More than one Policy
For ZDLRA probably you will have more than one policy to protect your databases since you probably will have databases (PROD, UAT, TST, DEV) with different requirements for recovery window. And even inside of same type (like PROD) it is possible to have different requirements (because of law regimentation as an example) and these lead/force you to create more than one policy.
Whatever the case, all databases will “fight each other” for disk space, and if you badly design your policies, or left the database in the wrong protection policy, you can have a system with high pressure for disk usage. ZDLRA always will accept new backups, if needed will delete the oldest backup (if you think this is adequate because probably the newest data is more important). But it is true too that ZDLRA will try to support the point-in-time recovery for all databases to reach what was defined in the policy. If you want to control this behavior you can set parameter GUARANTEED_COPY to YES. Doing this ZDLRA will delete old backups just if they were already copied to tape or replicated.
Don’t be afraid to create more than one policy because to move one database from one policy to another it is a simple command and will be more adequate to manage space usage if needed. One drawback of the huge number of protection policies is that clone to tape backups are based/scheduled in protection policies. If you have a lot of them, you need to create one clone to tape job for each one.
Protection Policies and ZDLRA Replication
One important detail is ZDLRA replication and how it interacted with protection policies. This is important because the replication between ZDLRA’s is purely based on policies, this means that replicates everything/all databases for the protection policy that you defined as a parameter. So, as you can imagine, if you want to replicate just some part of your databases between ZDLRA’s you need to create a specific protection policy.
Another interesting point is that on both sides of replicated ZDLRA the protection policies can have different recovery window goal. As example, in the primary site, the upstream ZDLRA can have 30 days of recovery windows and guaranteed copy as YES (because this ZDLRA receive more backups), but in the downstream ZDLRA, the destination protection policy can have 120 days as recovery window goal (because this ZDLRA protect fewer databases and the pressure for space usage will be less).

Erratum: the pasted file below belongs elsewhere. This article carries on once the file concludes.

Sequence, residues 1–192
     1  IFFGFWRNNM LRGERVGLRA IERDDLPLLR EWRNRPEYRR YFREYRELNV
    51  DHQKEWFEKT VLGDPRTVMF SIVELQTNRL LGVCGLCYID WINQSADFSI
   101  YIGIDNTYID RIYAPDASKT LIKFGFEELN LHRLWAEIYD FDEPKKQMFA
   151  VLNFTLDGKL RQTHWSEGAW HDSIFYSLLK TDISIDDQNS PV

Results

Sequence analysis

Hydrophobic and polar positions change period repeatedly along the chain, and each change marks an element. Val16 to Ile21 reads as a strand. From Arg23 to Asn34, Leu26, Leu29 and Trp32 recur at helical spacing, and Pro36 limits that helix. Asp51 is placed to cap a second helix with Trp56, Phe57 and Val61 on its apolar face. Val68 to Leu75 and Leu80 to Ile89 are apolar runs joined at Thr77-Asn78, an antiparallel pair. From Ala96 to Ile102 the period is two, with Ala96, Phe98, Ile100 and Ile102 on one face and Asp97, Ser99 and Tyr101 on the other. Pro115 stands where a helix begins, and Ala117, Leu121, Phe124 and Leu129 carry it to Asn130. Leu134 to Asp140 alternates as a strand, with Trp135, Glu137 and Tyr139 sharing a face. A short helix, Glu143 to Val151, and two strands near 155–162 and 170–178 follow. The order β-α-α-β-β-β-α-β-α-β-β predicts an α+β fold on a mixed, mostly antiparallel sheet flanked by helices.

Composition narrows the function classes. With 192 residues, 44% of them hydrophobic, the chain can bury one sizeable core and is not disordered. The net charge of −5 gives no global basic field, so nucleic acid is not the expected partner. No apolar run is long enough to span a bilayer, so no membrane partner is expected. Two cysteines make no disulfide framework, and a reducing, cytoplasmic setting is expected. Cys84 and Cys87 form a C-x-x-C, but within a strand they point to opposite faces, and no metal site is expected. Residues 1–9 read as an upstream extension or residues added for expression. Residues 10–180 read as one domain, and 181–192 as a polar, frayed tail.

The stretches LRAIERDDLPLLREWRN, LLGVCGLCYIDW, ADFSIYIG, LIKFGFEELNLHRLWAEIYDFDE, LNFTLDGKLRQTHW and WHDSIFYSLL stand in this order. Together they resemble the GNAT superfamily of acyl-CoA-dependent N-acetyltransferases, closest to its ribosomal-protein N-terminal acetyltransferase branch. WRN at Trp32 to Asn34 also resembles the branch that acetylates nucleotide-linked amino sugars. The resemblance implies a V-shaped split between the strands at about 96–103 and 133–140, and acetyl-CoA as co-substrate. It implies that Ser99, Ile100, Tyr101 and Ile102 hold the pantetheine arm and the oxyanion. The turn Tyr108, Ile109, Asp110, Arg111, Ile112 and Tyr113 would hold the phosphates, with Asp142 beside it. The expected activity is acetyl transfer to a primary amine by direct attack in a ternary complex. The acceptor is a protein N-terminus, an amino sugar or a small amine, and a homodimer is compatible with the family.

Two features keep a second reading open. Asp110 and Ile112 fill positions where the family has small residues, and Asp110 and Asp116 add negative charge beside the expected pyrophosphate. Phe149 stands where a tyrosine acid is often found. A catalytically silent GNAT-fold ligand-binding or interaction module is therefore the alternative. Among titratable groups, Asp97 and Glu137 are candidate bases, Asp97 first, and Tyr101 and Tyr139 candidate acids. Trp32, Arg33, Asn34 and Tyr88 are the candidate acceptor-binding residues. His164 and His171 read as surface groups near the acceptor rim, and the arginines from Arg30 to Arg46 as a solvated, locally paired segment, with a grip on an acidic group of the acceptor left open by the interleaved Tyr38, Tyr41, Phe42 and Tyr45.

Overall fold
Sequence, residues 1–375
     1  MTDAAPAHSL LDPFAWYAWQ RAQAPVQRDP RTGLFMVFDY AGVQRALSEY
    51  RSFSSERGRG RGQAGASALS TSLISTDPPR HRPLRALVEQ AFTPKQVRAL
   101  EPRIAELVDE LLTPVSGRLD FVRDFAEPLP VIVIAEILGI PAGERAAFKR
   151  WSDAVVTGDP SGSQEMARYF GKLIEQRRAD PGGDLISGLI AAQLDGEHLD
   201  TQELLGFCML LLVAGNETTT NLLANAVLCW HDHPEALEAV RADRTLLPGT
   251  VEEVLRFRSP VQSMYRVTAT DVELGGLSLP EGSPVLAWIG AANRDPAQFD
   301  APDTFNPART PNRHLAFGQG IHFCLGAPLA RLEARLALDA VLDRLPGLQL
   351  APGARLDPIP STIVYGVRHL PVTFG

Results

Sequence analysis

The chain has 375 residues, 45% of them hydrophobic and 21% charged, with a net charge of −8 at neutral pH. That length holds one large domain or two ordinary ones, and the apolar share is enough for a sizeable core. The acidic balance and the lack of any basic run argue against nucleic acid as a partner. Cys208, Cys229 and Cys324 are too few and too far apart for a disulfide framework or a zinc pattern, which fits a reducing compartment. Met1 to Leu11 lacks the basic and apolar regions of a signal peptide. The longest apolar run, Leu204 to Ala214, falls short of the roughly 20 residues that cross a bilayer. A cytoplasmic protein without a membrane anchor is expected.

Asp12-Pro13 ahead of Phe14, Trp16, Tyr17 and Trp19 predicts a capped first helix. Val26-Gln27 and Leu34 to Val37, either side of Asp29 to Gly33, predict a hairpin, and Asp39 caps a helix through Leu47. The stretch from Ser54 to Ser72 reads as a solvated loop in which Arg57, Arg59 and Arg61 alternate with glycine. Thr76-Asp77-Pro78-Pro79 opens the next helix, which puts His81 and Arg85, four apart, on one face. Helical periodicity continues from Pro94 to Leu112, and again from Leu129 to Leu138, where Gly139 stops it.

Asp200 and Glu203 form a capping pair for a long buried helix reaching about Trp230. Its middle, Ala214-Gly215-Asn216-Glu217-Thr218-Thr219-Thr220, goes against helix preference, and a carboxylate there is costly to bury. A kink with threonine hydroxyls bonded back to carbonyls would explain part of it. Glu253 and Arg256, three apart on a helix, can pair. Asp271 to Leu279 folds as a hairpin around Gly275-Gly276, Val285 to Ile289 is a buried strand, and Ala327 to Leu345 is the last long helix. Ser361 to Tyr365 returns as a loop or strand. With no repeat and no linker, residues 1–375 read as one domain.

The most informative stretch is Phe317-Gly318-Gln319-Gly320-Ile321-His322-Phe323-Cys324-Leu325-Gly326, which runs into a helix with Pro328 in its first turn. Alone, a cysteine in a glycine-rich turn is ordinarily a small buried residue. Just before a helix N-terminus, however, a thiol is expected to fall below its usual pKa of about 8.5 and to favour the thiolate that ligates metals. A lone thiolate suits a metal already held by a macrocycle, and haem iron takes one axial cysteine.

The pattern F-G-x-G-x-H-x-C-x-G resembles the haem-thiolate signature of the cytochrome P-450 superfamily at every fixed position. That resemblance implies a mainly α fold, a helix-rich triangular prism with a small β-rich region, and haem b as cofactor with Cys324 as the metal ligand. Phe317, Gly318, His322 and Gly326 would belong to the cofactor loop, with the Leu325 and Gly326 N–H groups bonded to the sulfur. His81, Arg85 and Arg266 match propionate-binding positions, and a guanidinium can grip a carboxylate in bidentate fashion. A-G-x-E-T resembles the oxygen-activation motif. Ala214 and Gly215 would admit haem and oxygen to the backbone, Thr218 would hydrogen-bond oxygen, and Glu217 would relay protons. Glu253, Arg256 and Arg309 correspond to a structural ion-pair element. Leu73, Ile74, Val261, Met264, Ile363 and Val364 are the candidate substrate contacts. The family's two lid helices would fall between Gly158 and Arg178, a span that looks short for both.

Let’s imagine protection policy for SILVER databases (https://www.oracle.com/a/tech/docs/maa-overview-onpremise-2019.pdf), that you want to replicate just some of them. In this case both ZDLRA’s (upstream and downstream) will have the “normal” silver protection policy (named as policy_silver as an example), as well another policy just for replicate some silver databases (named as policy_replicated_silver).
The correct definition for your protection policies it is important for ZDLRA maintenance and usability. Design correctly the polices are important to avoid high pressure over the storage location for ZDLRA, even if you start to used (or maintain) one already deployed ZDLRA.
Understand recovery window goals and max retention windows constraint will avoid reaching full space utilization. You don’t need to create just one or two protection policies for your ZDLRA, but be careful with your design if you have replicated ZDLRA or protection a mix of database types. Group them correctly.
As explained before, there is a direct link between retention_window and reserved_space for your databases. If you create a unique protection policy for all of your databases, you can lead to putting a high value for reserved space and this can cause problems (like ZDLRA deny to add databases because you already reserved all the available space – even existing free space).
There is no rule of thumb to follow, like create policy A or B with X or Y values for the recovery window. The correct way is checking the requirements (and rules) that you need to follow and design the architecture that meets your requirements. Don’t worry if you need to change it in the future, it is possible and easy to do.
So, the most important is to know and understand the links that exist between the ZDLRA functionalities. Protection policies, replicated backups, and reserved space are some examples. A good time understanding them will reduce rework in the future.
Disclaimer: “The postings on this site are my own and don’t necessarily represent my actual employer positions, strategies or opinions. The information here was edited to be useful for general purpose, specific data and identifications were removed to allow reach the generic audience and to be useful for the community.”